Gifford whiled away her months inside painting on the walls of her 250 square foot cell–her depiction of the Madonna and Child can still be seen to this day.

Walk on water

The Great South Wall, which leads to the red Poolbeg Lighthouse and coffee shop, extends 2.5 miles into Dublin Bay, and its 28-foot width makes for an easy and leisurely 30-40 minute walk.



It literally feels like you’re walking on water as you head into the sea, with the waves crashing up either side of the wall, which was built over 200 years ago and is one of the longest in Europe.

On a cold and windy day, it can prove to be a decidedly “bracing” walk, but highly enjoyable nonetheless, not least for the fresh sea air and breathtaking views of Dun Laoghaire, Killiney Head, and the Wicklow mountains. 

Trad and stew

One thing you have to do while in Dublin is check out some traditional music, or “trad” as the locals call it.

There are tourist traps aplenty that promise the ultimate “traditional music experience” but do yourself a favor and give them all the swerve. Instead, make a night of it at The Hairy Lemon Pub in Stephen Street Lower.



The self-styled “unconventional” pub is a green and yellow brightly colored 19th-century converted house with a sitting room suspended in mid-air, High Nellies, Wellies, and a Granny’s Kitchen. It featured heavily in the 1991 hit indie flick, The Commitments, and its walls are covered in memorabilia–but people don’t flock there for the decor, The Hairy Lemon is renowned for hosting the best Trad sessions in Dublin.

The venue is also famous for its scrumptious traditional pub food, like Beef and Stout Pie, Irish Stew, Dublin Coddle, and Donegal Squid, in addition to an astounding array of whiskies and “an absolutely amazing pint of Guinness” according to customer reviews.



If it’s your first time at a Trad Session don’t be shocked when things get more than a little wild, especially as the night progresses, the drinks flow, and the tables become filled with locals busting out their best Riverdance moves.

Brace yourself for one feck of a hangover the next morning.

Back to school

Trinity College, which was built in 1592 and located bang smack in the center of Dubin, is Ireland’s oldest university with a famous alumnus that includes author Bram Stoker, poet Oscar Wilde, and Jonathan Swift, who wrote Gulliver’s Travels.



The university’s manicured grounds, historic quads, and cobbled pathways offer a tranquil and quiet respite from the hustle and bustle of the city, and there’s a wealth of must-sees, including the Trinity Bell, the ancient ninth-century gospel manuscript Book of Kells, and spectacular libraries.



JK Rowling’s Hogwarts was inspired by Trinity’s Old Library, with its seemingly never-ending rows of ancient books perched in beautiful oak bookcases. But, it’s The Long Room, located in the Old Library’s main area that’s truly awe-inspiring, with a staggering 200,000 books, including one of the few remaining copies of the 1916 Proclamation of the Irish Republic.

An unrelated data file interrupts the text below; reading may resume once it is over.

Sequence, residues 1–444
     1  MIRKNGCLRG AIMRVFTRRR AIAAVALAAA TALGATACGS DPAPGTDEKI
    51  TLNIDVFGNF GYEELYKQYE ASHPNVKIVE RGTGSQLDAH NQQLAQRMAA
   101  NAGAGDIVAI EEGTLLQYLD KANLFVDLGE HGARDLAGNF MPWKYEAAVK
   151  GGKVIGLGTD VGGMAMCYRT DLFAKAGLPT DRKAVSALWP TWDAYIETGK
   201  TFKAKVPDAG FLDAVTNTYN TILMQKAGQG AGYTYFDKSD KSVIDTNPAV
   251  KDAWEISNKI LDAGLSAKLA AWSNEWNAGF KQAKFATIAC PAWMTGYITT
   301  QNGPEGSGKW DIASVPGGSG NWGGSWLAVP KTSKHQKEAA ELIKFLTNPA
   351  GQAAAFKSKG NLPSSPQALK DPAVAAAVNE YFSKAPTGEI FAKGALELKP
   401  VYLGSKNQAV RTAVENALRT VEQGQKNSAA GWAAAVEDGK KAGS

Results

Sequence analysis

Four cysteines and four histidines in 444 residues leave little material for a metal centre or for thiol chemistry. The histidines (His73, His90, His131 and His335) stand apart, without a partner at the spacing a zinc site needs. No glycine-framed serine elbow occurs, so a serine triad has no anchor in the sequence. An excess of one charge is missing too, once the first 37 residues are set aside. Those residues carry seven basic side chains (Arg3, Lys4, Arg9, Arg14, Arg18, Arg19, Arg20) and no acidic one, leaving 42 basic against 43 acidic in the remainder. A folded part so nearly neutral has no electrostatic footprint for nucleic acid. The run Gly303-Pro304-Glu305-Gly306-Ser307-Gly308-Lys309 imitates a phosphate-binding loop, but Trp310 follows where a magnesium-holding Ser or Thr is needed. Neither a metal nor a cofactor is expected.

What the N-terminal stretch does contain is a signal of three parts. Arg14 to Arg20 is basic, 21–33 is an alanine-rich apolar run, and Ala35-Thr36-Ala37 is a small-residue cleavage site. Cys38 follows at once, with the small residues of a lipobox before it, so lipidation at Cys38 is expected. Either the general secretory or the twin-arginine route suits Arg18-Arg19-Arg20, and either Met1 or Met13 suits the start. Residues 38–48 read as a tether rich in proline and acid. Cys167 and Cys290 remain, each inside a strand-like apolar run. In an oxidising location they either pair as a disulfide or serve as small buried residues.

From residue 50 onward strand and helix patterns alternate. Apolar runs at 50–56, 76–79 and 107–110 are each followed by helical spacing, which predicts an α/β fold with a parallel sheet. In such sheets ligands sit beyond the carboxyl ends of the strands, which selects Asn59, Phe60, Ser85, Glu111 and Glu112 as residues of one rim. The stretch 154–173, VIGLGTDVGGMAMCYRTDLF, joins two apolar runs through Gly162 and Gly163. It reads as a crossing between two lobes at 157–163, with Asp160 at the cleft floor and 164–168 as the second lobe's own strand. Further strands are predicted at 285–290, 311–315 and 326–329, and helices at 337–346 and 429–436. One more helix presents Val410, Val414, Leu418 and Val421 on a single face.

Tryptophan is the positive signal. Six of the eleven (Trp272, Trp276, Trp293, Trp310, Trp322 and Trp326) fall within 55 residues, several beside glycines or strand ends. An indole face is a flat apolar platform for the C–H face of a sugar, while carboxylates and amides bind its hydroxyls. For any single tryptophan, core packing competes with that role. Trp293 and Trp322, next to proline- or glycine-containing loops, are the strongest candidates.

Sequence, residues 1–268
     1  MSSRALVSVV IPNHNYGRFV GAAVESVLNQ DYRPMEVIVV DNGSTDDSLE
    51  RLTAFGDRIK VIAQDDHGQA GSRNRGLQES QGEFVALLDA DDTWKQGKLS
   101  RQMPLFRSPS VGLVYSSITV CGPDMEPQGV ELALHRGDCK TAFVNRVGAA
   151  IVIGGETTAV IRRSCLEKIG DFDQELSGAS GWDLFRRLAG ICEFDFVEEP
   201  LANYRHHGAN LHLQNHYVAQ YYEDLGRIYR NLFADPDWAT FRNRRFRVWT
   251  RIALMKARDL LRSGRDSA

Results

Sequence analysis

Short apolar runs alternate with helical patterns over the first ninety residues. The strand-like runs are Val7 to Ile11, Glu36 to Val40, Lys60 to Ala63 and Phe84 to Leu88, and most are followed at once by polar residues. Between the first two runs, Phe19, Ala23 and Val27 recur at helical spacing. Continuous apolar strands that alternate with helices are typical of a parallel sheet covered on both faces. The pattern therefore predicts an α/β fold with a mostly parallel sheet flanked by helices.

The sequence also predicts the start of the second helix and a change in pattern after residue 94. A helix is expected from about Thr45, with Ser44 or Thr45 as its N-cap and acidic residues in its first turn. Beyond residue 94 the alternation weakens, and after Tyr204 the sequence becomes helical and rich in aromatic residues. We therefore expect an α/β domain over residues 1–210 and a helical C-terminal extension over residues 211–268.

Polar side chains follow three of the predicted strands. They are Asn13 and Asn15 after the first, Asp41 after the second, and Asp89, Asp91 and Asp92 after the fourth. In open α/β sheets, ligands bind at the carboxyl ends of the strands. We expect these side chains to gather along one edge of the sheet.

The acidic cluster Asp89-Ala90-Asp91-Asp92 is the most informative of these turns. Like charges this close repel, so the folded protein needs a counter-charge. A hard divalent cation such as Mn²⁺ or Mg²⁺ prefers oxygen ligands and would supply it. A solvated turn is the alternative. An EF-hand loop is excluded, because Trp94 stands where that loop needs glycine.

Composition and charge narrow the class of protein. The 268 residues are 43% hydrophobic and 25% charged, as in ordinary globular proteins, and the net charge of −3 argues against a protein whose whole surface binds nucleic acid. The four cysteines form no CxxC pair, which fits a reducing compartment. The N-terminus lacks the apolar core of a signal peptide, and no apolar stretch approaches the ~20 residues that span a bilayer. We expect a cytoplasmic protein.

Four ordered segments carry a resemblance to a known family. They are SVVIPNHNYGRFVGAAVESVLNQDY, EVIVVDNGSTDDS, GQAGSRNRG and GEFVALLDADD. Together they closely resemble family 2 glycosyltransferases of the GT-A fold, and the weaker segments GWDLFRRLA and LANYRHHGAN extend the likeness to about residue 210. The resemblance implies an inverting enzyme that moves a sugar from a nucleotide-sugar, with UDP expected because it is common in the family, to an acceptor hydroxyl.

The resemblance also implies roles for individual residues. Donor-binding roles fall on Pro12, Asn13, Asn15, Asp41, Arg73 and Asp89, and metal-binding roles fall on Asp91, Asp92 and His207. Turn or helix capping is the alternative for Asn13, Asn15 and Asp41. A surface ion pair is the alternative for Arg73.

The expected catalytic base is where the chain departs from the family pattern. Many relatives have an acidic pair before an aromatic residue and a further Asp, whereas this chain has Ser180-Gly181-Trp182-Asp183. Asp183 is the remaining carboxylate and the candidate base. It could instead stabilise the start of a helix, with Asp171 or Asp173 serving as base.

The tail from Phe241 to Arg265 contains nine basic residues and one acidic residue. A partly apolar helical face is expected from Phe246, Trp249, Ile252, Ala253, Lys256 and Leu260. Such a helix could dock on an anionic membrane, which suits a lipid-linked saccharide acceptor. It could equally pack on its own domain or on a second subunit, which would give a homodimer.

Never forget

Ireland’s history is a dark and tragic one, oftentimes thanks to the English who first invaded the country in 1169, before going on to fully conquer and colonize in 1536, then subjugating and terrorizing until southern Ireland finally gained full independence in 1937 (Northern Ireland still remains under British rule).

One of Ireland’s most harrowing and devastating historical events is the Great Potato Famine of 1845-49, which resulted in over a million people dying from starvation and illness, and a further million fleeing the country, causing a 25% decrease in the population.

British history has long-dictated that the famine was purely an ecological accident, caused by “bad seasons” and “late blight” disease which destroyed the leaves and edible roots of potato plants. But, over time it’s become apparent how much of the disaster was down to the greed and unethical practices of the English-born gentry who were granted great swaths of land, stolen from the Irish, by the British government. 

The majority of those who fled from starvation sailed from Dublin’s Custom House Quay, which is now home to an authentic replica of a 1800s’ ship, a museum, and a collection of Famine Memorial statues, designed by the Irish sculptor Rowan Gillespie in 1997. 

It’s a moving and memorable tribute to a horrific and catastrophic period in Irish history.

Garden gigs & chill

Iveagh Gardens is the perfect outdoor rendezvous, relaxation, and recreation hang-out for locals.



Despite being located in the heart of the city the once private park manages to evade the throngs of tourists and offers an awesome opportunity for some lazy daytime lounging around on the grass, shooting the breeze with friends, soaking up the stunning surroundings, and people watching.

During the summer months, Iveagh Gardens also turns into a secret outdoor music venue, hosting local musicians playing sunset and evening gigs. Check listings for details.